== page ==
My Guardian piece this month is on cheating and the temptation teachers face in both coursework and the exam hall to bend the rules.
Despite what the commenters think, none of this is based in fantasy. I haven’t even used the most egregious examples. As another commenter pointed out, what happens in some places is far worse.
I’m also not saying that cheating is widespread, justifiable or ‘allowed’. What I was pointing out is that:
(a) the exam boards do not always help teachers make good decisions, and
(b) if you do find yourself in a situation where you want to whistleblow (as this commenter did) then it is not straightforward. The processes are often hidden and even now I have no idea what assurances would be given – either to students grades, my anonymity, people’s jobs.
That so many people have reacted with a chorus of “this is absolutely ludicrous” bothers me intensely. Not because I worry about being lampooned, but because that sort of collective blindness is insidious. Imagine if you’ve read this piece, and then you DO see someone dropping keywords into an instruction speech – are you likely to speak up knowing that the most common reaction is going to be a dismissive “I’m sorry but never in twenty years have I seen this happen”? Even if you’ve never seen cheating, that people are acting so incredulously suggests a form of cognitive dissonance which is precisely what will enable cheating to continue. We sometimes don’t see it, because we don’t want to.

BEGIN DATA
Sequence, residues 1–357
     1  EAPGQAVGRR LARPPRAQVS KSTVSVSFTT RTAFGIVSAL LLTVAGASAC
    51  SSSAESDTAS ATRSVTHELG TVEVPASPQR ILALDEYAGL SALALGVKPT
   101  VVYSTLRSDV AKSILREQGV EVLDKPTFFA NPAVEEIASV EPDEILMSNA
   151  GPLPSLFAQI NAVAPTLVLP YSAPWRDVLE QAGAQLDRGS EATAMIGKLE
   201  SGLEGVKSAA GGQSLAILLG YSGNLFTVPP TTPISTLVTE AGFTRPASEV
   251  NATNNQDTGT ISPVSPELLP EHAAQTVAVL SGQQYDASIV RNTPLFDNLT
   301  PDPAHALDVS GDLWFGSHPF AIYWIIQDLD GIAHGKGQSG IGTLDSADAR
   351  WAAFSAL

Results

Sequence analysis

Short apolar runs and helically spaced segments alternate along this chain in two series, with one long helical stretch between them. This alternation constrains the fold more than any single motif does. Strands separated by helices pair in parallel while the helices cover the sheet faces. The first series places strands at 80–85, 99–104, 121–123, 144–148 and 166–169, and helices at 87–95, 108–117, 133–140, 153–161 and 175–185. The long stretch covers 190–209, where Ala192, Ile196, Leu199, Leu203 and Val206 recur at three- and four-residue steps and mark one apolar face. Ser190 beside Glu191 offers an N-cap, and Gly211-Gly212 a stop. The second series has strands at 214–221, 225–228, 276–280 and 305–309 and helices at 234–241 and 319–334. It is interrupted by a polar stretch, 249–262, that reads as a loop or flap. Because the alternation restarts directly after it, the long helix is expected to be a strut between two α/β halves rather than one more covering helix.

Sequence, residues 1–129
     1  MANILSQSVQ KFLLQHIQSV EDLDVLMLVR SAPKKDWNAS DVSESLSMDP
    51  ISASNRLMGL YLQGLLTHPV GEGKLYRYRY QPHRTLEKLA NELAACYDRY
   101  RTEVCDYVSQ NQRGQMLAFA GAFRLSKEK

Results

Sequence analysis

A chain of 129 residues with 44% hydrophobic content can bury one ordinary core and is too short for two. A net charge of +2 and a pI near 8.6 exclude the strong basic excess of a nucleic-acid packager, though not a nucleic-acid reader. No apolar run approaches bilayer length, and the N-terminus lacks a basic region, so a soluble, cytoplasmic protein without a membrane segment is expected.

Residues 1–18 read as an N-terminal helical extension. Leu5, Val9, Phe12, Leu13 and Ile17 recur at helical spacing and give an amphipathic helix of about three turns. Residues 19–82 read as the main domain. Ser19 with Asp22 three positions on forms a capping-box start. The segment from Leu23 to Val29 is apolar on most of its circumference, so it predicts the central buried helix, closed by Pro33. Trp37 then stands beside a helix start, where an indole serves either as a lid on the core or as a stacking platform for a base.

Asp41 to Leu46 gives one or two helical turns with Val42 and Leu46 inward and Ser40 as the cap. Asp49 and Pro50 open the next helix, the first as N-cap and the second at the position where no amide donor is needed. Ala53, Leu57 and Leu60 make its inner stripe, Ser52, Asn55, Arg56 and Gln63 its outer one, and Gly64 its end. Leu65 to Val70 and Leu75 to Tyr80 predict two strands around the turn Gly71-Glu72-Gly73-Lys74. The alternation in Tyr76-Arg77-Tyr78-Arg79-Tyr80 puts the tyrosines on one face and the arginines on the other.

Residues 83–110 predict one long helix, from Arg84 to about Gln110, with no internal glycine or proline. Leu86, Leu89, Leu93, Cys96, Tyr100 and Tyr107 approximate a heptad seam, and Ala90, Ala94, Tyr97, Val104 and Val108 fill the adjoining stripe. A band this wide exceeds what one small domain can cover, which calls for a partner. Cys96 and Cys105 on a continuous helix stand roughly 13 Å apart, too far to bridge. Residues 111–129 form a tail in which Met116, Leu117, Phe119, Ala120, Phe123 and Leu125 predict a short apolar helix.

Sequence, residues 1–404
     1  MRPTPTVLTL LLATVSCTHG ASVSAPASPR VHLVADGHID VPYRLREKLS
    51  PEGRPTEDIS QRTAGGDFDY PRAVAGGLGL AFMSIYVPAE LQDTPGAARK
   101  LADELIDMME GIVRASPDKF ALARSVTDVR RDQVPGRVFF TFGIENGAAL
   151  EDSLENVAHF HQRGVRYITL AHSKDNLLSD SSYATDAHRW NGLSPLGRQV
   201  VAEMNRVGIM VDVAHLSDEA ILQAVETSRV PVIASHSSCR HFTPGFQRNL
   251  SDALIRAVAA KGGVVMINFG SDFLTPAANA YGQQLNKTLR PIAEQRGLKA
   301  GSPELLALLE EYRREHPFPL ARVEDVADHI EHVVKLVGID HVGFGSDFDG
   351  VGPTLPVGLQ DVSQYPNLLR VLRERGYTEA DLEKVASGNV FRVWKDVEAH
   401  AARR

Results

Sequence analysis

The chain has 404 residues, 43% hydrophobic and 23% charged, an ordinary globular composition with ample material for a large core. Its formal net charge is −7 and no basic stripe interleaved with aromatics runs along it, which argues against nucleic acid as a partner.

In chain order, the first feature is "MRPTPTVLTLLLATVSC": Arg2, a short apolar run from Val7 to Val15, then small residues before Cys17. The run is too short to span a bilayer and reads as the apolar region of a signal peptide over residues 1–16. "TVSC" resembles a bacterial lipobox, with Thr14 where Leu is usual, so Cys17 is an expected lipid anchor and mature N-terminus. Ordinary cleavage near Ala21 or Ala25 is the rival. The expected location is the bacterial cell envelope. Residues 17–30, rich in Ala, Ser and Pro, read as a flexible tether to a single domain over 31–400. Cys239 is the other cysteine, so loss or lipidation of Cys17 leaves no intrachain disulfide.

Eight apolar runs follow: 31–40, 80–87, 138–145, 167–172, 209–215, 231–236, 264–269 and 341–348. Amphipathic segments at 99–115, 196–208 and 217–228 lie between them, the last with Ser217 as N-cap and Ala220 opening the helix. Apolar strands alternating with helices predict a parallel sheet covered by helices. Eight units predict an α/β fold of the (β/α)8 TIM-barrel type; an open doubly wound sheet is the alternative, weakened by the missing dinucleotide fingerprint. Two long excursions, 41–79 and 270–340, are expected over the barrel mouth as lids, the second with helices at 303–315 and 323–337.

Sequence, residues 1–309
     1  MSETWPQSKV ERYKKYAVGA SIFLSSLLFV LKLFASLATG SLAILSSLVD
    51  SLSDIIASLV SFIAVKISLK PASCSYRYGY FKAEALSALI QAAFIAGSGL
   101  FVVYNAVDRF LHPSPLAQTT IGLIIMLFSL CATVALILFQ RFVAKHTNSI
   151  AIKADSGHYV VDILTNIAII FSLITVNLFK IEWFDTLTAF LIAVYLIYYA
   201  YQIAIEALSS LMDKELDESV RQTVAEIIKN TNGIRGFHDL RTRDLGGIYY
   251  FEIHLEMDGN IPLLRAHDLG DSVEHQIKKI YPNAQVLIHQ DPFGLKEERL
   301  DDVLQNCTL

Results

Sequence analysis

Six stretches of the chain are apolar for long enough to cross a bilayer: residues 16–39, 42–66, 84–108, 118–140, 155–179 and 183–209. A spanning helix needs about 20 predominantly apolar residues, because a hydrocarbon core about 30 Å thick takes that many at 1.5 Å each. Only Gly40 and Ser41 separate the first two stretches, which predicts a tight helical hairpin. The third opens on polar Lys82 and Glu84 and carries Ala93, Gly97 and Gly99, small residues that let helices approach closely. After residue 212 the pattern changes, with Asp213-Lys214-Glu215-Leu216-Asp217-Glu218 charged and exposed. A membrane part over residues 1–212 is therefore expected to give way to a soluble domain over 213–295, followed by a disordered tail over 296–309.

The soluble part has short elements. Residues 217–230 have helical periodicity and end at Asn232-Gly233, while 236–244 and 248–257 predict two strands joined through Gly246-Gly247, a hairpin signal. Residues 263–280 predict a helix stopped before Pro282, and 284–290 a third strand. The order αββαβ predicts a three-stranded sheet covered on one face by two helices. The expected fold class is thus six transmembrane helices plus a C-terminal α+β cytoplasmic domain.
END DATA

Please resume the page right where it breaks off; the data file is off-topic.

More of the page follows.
Anyway, I shall continue to monitor the comments, follow-up blogs and conversations. And, as per last month, I’ll round everything up in a “What we learned” post in a couple of weeks’ time.
Categories: UK Education Policy